Young lamb

Mulesing Alternatives

FOUR PAWS recommends sheep friendly opportunities


Did you know that every year millions of lambs are subject to cruel mutilations for our clothing?

This mutilation is called mulesing. A process where a lamb (usually two to ten weeks old) is restrained upside down in a cradle to cut off skin folds around the buttocks and tail with a pair of metal shears. The procedure leaves an open wound and, after healing, a bare area where no wool grows. The procedure is performed on millions of lambs mostly without any form of pain relief. Even when pain relief is applied, it only has limited and short-term effectiveness. There are pain-free alternatives to this mutilation! Instead of cutting off lambs’ skin folds, producers could resort to sheep breeds without excessive wrinkles.

Mulesing was invented to reduce the risk of flystrike, which in itself is a severe welfare problem for sheep. A sheep is fly struck when the larvae of blow flies eat the sheep’s tissue, causing severe pain, inflammation, and eventually – when untreated – death. But there are pain-free full-body solutions.

Australia is the only country in the world where mulesing is practised. However, 80% of the global fine wool supply for the apparel industry comes from Australia, making mulesing a global issue fed by global consumer demand.

What are the alternatives?

The good news is that there are viable alternatives to mulesing available which have been used by well over one thousand Australian producers. These include:

  • the use of more flystrike resistant sheep types – e.g. bare breeched and plain bodied sheep with no skin wrinkles;
  • enhanced overall farming practices, increased monitoring and crutching (the shearing of wool from around the tail and between the rear legs of a sheep); and
  • the use of preventative chemical treatments.

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FOUR PAWS advocates for the above solutions to be adopted and strongly encourages Australian producers to prioritise shifting away from flystrike susceptible types to flystrike resistant types.

On the picture you can see a wrinkled sheep (left) and a plain bodied sheep (right).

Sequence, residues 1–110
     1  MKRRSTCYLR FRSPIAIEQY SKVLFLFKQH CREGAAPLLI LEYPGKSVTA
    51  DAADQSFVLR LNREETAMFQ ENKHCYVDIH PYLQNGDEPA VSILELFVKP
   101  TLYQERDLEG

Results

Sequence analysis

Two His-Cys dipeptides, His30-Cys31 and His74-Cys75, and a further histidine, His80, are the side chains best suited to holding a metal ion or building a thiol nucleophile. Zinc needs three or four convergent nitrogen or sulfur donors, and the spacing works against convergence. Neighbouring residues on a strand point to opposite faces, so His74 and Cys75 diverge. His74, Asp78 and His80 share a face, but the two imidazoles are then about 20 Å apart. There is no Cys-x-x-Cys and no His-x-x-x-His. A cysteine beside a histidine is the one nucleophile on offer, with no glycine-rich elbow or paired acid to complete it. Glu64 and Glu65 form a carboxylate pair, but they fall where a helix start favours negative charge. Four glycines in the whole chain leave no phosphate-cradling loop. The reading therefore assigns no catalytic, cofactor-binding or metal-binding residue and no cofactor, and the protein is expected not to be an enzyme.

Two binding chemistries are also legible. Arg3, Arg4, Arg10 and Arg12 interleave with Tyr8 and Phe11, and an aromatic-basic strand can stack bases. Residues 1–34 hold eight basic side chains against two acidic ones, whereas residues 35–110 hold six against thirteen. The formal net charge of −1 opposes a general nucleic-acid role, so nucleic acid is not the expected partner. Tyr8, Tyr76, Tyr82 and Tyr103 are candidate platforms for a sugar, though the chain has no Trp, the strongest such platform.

Sheep in Australia

Brands and consumers are a crucial component of the solution to ending mulesing, and together we can send a signal that this practice needs to end. While only a few brands are 100 % certified mulesed-free including: Patagonia, Ortovox and Fjällräven, encouragingly, over 100 brands have spoken out against mulesing and want mulesed-free wool (Wool with a Butt). Responding to the growing demand for higher animal welfare within the clothing industry a rising number of brands like Jack Wolfskin, H&M and Abercrombie & Fitch have committed to fully stop using mulesed wool in the coming years.

How can you help end mulesing?

  • Sign the petition to encourage brands to end sales of mulesed sheep wool.
  • Contact your favourite brands and politely let them know that you can’t wait to see mulesed sheep wool off their shelves!
  • Carefully consider your clothing options. If you have decided to continue wearing wool, it is important to actively seek brands which ensure the wool they use is certified ‘mulesed-free’.

FOUR PAWS has launched a guidebook on ‘why’ and ‘how’ brands are transitioning away from mulesed wool. 

Learn about brands and wool producers who have made the transition. Here you can view or download the guide (for free).

Transitioning away from mulesed sheep wool

Transitioning away from mulesed sheep wool

A guide for brands and retailers on why and how